Design, implement and integrate a PID control to
maintain the temperature in the laser when the diode is Planned
end
working
10/01/2015
date:
Start event: 05/12/2015
End event: Internal task T1: Design and implement a temperature Deliverables:
measurer.
Dates:
Internal task T2: Characterize the PID control to warm up
and cool.
Internal task T3: implement and test the PID control.
Table 5 Work package #05
Project: Diode laser protection
WP ref: 06
Major constituent: Software & Hardware
Sheet 06 of 07
Short description:
Planned
20/12/2014
Design and implement the hardware and software
protection for the diode laser.
Planned
31/12/2014
start
date:
end
date:
Start event:20/12/2014
End event: 10/01/2015
Internal task T1: Design, implement and test the Deliverables:
hardware laser diode protection
Dates:
Internal task T2: Design, implement and test the software
laser diode protection
Table 6 Work Package #06
14
Project: Project Documentation
WP ref: 07
Major constituent: Documentation
Sheet 06 of 07
Short description:
Planned
15/01/2015
start
date:
Collect all the information used during the project and
write the final document to deliver for the evaluation.
Planned end date: 30/01/2015
Start event: 20/01/2015
End event:
Internal task T1: Collect the information used during the Deliverables:
project
Degree’s
thesis
document
Internal task T2: Write the final document to deliver to
evaluation
Dates:
02/02/2015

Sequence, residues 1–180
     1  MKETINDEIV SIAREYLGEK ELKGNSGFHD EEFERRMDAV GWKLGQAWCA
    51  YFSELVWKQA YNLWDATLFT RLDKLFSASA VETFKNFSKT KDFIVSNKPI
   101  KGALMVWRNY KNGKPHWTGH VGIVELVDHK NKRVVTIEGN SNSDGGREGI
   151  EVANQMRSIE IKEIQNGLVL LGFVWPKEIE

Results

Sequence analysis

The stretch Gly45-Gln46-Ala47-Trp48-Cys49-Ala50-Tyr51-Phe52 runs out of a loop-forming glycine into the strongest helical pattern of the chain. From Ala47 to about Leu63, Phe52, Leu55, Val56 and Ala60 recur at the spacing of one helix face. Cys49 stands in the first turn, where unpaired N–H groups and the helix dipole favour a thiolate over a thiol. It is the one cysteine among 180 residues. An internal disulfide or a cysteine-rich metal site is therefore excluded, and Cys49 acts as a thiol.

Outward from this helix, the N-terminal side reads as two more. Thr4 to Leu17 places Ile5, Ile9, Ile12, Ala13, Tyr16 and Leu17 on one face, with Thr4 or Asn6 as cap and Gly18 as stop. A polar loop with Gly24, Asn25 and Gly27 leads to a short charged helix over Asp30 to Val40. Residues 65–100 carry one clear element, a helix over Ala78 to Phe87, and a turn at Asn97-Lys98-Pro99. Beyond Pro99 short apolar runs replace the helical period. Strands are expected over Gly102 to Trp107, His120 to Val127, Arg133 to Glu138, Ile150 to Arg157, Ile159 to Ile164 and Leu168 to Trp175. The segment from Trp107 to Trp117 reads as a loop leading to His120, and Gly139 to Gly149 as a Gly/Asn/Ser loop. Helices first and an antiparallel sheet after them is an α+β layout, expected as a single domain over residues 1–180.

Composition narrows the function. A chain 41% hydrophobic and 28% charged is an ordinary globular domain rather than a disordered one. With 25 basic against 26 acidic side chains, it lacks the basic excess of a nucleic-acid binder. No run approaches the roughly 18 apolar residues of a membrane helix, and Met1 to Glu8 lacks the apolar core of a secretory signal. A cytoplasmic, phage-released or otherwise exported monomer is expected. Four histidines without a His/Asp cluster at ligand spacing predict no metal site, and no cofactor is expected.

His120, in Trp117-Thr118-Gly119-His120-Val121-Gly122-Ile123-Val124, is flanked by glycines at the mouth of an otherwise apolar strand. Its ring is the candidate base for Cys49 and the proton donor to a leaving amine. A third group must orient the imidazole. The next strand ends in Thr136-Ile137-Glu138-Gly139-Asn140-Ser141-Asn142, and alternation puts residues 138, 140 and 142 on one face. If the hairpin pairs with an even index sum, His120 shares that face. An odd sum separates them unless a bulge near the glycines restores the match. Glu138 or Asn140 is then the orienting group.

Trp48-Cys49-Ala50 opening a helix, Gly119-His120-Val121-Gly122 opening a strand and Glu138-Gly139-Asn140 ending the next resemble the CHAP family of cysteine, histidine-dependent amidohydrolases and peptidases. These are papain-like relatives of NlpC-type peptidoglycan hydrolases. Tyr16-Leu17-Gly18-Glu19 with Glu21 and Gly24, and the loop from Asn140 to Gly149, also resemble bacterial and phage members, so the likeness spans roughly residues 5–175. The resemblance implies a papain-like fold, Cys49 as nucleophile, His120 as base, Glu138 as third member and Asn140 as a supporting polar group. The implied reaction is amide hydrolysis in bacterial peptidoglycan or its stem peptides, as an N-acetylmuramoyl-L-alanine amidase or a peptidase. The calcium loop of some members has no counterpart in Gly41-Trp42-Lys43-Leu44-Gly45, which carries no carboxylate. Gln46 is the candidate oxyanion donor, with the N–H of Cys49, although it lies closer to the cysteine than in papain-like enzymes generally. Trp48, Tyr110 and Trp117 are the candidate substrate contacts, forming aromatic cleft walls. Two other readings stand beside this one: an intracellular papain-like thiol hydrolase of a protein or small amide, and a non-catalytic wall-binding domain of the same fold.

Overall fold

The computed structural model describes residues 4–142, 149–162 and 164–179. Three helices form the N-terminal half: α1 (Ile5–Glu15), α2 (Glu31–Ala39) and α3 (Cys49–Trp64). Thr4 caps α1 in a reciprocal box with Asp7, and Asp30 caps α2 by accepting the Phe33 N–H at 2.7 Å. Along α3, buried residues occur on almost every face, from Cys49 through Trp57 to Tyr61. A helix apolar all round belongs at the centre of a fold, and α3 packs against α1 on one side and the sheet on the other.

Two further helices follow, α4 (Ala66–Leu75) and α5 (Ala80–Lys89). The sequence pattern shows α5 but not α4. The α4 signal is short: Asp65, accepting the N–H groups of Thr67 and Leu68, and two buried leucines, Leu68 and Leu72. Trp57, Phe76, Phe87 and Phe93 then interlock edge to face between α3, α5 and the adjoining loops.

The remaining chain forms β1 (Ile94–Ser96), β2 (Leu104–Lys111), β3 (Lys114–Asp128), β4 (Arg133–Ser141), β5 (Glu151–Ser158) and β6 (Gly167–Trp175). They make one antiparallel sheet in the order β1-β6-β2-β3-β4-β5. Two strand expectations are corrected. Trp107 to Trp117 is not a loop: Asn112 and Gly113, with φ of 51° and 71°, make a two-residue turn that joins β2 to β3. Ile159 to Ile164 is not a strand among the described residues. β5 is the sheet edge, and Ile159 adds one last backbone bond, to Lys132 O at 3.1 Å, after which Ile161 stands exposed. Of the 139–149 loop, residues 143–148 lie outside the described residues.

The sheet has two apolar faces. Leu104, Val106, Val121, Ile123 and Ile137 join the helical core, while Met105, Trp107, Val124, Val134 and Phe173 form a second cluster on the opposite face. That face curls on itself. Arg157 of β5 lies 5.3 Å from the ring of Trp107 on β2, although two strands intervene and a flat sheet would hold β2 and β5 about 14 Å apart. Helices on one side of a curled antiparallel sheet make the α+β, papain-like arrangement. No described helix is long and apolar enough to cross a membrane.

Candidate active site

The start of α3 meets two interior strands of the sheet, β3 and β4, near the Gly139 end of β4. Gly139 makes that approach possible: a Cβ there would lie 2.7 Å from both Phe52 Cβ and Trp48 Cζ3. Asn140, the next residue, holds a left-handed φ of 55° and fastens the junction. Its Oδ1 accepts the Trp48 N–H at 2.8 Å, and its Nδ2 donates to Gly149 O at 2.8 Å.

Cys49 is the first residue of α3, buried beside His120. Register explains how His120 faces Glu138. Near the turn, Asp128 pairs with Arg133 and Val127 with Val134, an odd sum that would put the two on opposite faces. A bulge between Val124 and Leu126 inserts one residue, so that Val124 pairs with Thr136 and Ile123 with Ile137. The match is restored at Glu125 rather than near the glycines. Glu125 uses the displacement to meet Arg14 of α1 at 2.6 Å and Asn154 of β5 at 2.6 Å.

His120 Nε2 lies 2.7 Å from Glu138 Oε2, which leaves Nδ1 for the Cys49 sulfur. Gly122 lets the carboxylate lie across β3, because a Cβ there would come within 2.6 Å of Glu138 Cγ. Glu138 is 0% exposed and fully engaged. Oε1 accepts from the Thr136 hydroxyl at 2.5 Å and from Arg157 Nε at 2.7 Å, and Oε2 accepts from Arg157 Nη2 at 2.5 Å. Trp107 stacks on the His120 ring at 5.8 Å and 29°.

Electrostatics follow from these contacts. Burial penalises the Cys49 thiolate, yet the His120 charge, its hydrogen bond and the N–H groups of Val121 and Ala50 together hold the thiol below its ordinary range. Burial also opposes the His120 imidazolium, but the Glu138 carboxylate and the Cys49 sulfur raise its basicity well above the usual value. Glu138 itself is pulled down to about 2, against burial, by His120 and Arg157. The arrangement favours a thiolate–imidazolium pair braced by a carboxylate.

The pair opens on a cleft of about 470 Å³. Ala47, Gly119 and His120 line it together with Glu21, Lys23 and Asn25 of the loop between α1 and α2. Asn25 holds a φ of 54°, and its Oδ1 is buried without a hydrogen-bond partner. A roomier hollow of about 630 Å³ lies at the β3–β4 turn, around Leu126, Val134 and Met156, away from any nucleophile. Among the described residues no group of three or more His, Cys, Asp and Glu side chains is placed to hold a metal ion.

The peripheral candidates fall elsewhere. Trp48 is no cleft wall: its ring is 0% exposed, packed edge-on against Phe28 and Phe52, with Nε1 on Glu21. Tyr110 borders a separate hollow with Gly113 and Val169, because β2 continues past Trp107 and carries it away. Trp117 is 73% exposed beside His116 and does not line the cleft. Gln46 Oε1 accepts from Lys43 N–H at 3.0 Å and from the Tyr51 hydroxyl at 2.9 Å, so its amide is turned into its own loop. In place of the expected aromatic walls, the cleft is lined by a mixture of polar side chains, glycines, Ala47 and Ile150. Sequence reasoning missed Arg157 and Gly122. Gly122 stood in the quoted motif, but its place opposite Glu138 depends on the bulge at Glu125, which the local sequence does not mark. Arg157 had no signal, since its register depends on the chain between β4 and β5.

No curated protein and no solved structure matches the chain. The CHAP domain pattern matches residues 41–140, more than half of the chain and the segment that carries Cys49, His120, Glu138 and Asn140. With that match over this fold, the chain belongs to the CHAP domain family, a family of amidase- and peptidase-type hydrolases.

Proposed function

Table 7 Work package #07
Milestiones
WP#
Task#
Short title
Milestone / deliverable
Date (week)
01
01
Read laser doc
-
1
01
02
Define laser specs
-
2
02
01
Develop ARDUINO code
-
7
02
02
Test the Arduino with
DMX
ARDUINO code working
properly
8
03
01
Develop MATLAB code
-
10
03
02
Develop ARDUINOMATLAB connection
Connection Arduino-PC
13
04
01
Redefine scope
-
14
05
01
Temperature measurer
Temperature measurer
15
05
02
PID control
characterization
PID constants
18
05
03
PID implementation and
test
PID control
06
01
Hardware protection
Hardware protection
19
06
02
Software protection
Software protection
-
07
01
Documentation
Final thesis document
-
20
Table 8 Milestones summary
15
Fig. 1 Gantt diagram with the final development of the project
Next there is the order of the different packages:
1234567-
1.4.
Review Tunable Laser Documentation
Arduino Development
MATLAB GUI
Redefine Scope
PID Control
Diode Laser Protection
Project Documentation
Incidences
There have been some important incidences which have done the initial plan fall. For that
incidences is for which finally it was decided to manage a DFB laser which is easier to